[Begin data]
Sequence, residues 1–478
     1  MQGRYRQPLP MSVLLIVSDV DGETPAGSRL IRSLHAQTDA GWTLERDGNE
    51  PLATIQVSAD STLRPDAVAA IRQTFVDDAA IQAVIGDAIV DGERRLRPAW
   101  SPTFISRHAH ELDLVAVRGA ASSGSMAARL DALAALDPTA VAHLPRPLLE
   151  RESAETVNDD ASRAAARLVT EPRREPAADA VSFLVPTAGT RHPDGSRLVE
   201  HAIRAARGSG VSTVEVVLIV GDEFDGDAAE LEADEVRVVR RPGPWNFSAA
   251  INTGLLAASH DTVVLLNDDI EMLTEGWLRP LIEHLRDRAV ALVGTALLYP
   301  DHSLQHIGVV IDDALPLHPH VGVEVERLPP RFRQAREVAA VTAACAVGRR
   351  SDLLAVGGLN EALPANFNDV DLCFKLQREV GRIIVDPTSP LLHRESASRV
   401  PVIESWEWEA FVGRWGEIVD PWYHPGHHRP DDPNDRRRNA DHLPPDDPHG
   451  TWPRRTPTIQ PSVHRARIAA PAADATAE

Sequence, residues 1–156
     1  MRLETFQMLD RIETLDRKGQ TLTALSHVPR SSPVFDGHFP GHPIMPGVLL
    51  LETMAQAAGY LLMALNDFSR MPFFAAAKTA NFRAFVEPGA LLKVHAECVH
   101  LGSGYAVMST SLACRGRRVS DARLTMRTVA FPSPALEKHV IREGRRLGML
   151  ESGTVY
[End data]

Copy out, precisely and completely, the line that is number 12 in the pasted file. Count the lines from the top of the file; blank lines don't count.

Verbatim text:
Sequence, residues 1–156